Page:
PALM SUNDAY 2013 – March 24, 2013, Rev. Emmett H. Carroll, S.J.
PALM SUNDAY 2013
March 24, 2013
Rev. Emmett H. Carroll, S.J.
When World War II ended in Europe on May 8, 1945, celebrations erupted in all the cities across the United States. A victory parade through Manhattan in New York was watched by more than two million people. The 82second Airborne Division was selected to exemplify the millions who served in the armed forces of the United States during this conflict. While these troops and thousands of civil dignitaries passed in the street past the business district, every widow in the towering skyscrapers opened; office workers threw out the ticker tape paper that all offices used at the time. It hailed the service men in the parade.
An excited victory parade, something like the New York parade, occurred on the first Palm Sunday, in Jerusalem.
“Jesus and the disciples drew near Jerusalem and came to Bethpage on the Mount of Olives.” The disciples found an ass tethered, and a colt with her. The disciples untied the animals and brought them to Jesus. The disciples brought the ass and the colt and laid their cloaks over them, and [Jesus] sat upon the ass. The very large crowd spread their cloaks on the road, while others cut branches from the trees and strewed them on the road. The crowds preceding [Jesus] and those following kept crying out and saying: ‘Hosanna to the Son of David; blessed is he who comes in the name of the Lord; hosanna in the highest.’ And when he entered Jerusalem the whole city was shaken and asked, ‘Who is this?’ And the crowds replied, ‘This is Jesus the prophet, from Nazareth in Galilee.’” (Matthew 21:9-11)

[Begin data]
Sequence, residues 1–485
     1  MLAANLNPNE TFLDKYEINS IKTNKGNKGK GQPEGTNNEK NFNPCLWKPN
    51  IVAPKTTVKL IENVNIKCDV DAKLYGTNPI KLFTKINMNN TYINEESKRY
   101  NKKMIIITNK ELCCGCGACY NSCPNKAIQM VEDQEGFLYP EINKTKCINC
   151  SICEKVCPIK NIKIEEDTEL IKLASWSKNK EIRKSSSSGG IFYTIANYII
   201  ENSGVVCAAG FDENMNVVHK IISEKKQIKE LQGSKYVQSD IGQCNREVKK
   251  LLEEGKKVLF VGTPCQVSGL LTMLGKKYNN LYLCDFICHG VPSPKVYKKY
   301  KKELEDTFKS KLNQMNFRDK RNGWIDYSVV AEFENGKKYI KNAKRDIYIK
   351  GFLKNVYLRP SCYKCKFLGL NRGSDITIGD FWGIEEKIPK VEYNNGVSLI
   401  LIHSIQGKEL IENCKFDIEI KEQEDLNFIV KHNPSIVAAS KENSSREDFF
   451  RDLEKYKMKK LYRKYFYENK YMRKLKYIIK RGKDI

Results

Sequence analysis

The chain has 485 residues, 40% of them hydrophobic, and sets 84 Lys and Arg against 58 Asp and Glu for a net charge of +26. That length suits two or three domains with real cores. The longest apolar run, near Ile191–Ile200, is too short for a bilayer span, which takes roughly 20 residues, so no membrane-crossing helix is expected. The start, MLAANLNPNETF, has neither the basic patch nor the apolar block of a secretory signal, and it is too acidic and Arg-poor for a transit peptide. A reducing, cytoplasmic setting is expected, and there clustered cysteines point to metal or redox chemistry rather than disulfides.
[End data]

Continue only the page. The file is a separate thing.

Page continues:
The palm tree was considered in Biblical times as a princely tree and was used as a symbol of victory and well-being. Among both the Romans and the Jews it was carried in joyful or triumphant processions. In 293 B.C. victorious Roman soldiers bore palm branches when parading in Rome; and the palm was given as a victory emblem at public games. Of earlier date was its usage among the Israelites; people carried palm branches during the Feast of Tabernacles (Lv 23:40; Neh 8:15); and it was part of the bouquet offered on festive occasions as a sign of homage or to celebrate a victory (1 Mc 13:37; Jn 12:13).
After Christ’s death and resurrection, the palm was connected with Martyrdom (Apoc &:9). The palm was used to decorate grave-markers and tombs in the catacombs as a sign of the triumphal death of the martyr.
These blessed palms remind us of Jesus victory ride into Jerusalem. Crowds offered him a hero’s welcome, celebrating the Messiah, the descendent of King David. By the end of that same week, the Scribes and Pharisees—seeing Jesus as threatening their leadership—brought a different crowd to shout for His crucifixion.
Today, you and I wave the palm in the triumphant manner of success, of the arrival of the kingdom of God within our family and within ourselves. This palm signifies the triumph of a victory of Jesus, and a triumph of our victory for Godliness in our daily life. Hosanna, hosanna in the highest. Amen.